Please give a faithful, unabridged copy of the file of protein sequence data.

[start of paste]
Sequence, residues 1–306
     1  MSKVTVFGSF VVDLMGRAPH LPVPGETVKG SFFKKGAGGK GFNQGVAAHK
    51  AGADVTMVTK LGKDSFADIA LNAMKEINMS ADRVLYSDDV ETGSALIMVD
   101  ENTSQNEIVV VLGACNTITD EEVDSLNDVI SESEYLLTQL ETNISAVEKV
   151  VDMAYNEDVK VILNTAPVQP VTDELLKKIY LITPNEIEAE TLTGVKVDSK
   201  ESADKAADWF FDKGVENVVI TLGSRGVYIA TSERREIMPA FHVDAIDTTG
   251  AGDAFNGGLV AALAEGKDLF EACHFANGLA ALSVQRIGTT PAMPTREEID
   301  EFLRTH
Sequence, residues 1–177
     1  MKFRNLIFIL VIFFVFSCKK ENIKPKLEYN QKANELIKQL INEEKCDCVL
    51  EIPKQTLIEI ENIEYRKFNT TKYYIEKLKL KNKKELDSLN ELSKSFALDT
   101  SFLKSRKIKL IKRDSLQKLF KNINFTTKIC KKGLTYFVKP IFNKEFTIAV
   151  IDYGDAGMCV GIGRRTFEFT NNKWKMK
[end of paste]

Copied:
Sequence, residues 1–306
     1  MSKVTVFGSF VVDLMGRAPH LPVPGETVKG SFFKKGAGGK GFNQGVAAHK
    51  AGADVTMVTK LGKDSFADIA LNAMKEINMS ADRVLYSDDV ETGSALIMVD
   101  ENTSQNEIVV VLGACNTITD EEVDSLNDVI SESEYLLTQL ETNISAVEKV
   151  VDMAYNEDVK VILNTAPVQP VTDELLKKIY LITPNEIEAE TLTGVKVDSK
   201  ESADKAADWF FDKGVENVVI TLGSRGVYIA TSERREIMPA FHVDAIDTTG
   251  AGDAFNGGLV AALAEGKDLF EACHFANGLA ALSVQRIGTT PAMPTREEID
   301  EFLRTH
Sequence, residues 1–177
     1  MKFRNLIFIL VIFFVFSCKK ENIKPKLEYN QKANELIKQL INEEKCDCVL
    51  EIPKQTLIEI ENIEYRKFNT TKYYIEKLKL KNKKELDSLN ELSKSFALDT
   101  SFLKSRKIKL IKRDSLQKLF KNINFTTKIC KKGLTYFVKP IFNKEFTIAV
   151  IDYGDAGMCV GIGRRTFEFT NNKWKMK